US 4645693 A
A barrier assembly for a Langmuir trough is arranged for a substrate to be carried automatically to-and-fro on a dipping head over a fixed barrier into monomolecular layers A, B on a common subphase so as to stack layers ABABAB . . . on the substrate. The layers A, B are confined by the barrier and two constant perimeter areas formed by a single flexible band passing over rollers. By adjusting the positions of bridges that carry some of the rollers, the confined areas can be contracted to compress the layers A, B. In an alternative mode the substrate receives a layer from layer A while a new layer B is being formed, the substrate then being transferred to layer B while a new layer A is being formed. This involves an oscillating rather than a rotating movement of the substrate.
1. A barrier assembly for use on a Langmuir trough and arranged to confine two adjacent but separated areas each for containing a monomolecular film on a subphase in the trough, the assembly comprising a rigid barrier to be mounted in a fixed location for separating said two areas, two flexible barriers respectively located on opposite sides of said rigid barrier, each flexible barrier being connected at opposite ends respectively to opposite ends of said rigid barrier to form therewith a constant perimeter defining the associated one of said areas, two groups of guide elements mounted respectively on opposite sides of said rigid barrier, the one of said flexible barriers on the same side of said rigid barrier as a given one of said groups extending over the guide elements in that group to be held in position thereby, and two control means respectively associated with said two groups of guide elements, each control means being connected to selected ones of the guide elements in the associated groups to move said selected guide elements to change the shape of said constant perimeter so as to reduce the contained area for planar compression of a monomolecular film in that area.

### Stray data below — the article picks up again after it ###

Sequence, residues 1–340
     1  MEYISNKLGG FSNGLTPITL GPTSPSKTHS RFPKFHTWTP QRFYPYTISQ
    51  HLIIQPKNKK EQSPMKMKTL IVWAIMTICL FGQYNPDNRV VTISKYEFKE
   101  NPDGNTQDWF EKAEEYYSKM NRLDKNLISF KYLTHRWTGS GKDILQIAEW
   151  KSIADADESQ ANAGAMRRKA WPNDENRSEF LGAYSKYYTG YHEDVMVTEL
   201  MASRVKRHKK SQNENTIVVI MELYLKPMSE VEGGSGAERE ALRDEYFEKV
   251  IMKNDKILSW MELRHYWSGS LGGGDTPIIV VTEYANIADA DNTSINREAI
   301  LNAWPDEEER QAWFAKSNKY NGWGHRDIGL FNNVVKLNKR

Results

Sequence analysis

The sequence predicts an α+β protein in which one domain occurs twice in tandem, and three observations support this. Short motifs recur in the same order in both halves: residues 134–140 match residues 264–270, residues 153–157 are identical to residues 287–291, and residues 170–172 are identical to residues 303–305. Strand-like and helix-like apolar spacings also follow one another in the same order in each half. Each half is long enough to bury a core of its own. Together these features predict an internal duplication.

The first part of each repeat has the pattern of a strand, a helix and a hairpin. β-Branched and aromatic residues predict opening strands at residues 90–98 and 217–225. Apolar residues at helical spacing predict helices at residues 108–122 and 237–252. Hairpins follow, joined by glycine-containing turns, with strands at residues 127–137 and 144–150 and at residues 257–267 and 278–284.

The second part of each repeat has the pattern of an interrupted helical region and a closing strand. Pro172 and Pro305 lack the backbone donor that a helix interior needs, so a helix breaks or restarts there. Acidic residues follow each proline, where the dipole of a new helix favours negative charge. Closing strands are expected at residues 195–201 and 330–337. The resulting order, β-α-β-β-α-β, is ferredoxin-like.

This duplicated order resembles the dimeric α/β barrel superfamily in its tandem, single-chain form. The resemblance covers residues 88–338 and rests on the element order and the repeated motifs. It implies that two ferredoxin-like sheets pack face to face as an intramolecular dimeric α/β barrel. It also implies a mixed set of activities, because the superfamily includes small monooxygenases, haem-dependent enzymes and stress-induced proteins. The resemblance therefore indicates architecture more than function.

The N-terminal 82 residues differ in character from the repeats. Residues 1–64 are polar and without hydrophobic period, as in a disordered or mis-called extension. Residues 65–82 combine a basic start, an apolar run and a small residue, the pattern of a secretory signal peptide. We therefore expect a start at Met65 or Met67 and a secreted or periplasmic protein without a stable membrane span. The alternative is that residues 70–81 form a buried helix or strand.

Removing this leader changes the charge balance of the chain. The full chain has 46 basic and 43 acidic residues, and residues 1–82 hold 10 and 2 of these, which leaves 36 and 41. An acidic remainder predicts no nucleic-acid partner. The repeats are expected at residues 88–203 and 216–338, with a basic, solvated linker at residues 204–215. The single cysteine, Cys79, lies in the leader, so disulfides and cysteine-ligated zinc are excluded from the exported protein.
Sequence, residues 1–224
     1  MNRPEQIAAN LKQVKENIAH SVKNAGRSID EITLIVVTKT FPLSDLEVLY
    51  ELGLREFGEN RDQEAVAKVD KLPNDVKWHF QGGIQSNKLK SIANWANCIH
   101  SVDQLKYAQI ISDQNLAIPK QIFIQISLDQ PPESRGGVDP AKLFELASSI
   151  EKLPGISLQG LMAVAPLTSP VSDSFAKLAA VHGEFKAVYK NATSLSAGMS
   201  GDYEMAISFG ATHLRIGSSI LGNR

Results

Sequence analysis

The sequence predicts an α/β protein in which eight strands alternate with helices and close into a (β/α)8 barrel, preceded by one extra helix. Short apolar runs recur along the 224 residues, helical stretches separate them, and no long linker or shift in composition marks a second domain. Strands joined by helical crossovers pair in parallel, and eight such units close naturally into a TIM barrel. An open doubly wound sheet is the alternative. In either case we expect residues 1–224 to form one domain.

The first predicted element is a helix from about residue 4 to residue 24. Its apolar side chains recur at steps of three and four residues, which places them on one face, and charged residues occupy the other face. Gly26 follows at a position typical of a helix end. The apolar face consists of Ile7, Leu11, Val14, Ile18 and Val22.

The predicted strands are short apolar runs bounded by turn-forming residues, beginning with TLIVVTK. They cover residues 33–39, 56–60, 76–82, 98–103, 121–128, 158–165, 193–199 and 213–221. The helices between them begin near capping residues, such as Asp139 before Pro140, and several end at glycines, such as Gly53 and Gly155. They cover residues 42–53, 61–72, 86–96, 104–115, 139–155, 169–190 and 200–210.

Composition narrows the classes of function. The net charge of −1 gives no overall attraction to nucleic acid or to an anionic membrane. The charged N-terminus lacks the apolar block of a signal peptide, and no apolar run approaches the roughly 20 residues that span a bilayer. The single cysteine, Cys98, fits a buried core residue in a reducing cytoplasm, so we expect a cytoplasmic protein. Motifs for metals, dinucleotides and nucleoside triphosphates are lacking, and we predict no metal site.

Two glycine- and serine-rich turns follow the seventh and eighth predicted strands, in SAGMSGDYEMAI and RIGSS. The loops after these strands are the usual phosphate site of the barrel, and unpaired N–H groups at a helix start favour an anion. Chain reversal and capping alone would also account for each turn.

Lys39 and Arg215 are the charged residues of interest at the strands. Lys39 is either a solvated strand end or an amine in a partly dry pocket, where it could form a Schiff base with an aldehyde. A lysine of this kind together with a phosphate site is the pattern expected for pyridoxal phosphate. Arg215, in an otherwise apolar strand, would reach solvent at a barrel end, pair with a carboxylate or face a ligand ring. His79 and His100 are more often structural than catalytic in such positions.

2. A barrier assembly according to claim 1, in which said two flexible barriers on opposite sides of said rigid barrier are constituted by a single flexible loop sealed to opposite ends of said rigid barrier.
3. A barrier assembly according to claim 2, in which said ends of said rigid barrier are each formed with a curved surface over which said loop passes, and the assembly comprises two pairs of pressure elements located respectively at opposite ends of said rigid barrier, the pressure elements in each said pair being fixed respectively on opposite sides of the associated curved surface to hold adjacent part of said loop tightly in engagement with said curved surface.